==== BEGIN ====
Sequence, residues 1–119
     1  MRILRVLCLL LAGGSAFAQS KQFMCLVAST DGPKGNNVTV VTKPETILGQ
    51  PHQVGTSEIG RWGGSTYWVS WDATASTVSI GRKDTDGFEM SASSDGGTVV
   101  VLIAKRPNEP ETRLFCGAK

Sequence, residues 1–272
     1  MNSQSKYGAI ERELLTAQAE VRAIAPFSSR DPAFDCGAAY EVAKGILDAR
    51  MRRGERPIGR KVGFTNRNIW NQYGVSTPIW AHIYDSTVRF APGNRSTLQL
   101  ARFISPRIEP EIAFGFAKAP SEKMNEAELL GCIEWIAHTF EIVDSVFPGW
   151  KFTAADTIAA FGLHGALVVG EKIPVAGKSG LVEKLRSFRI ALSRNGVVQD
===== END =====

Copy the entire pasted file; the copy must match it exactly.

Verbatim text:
Sequence, residues 1–119
     1  MRILRVLCLL LAGGSAFAQS KQFMCLVAST DGPKGNNVTV VTKPETILGQ
    51  PHQVGTSEIG RWGGSTYWVS WDATASTVSI GRKDTDGFEM SASSDGGTVV
   101  VLIAKRPNEP ETRLFCGAK

Sequence, residues 1–272
     1  MNSQSKYGAI ERELLTAQAE VRAIAPFSSR DPAFDCGAAY EVAKGILDAR
    51  MRRGERPIGR KVGFTNRNIW NQYGVSTPIW AHIYDSTVRF APGNRSTLQL
   101  ARFISPRIEP EIAFGFAKAP SEKMNEAELL GCIEWIAHTF EIVDSVFPGW
   151  KFTAADTIAA FGLHGALVVG EKIPVAGKSG LVEKLRSFRI ALSRNGVVQD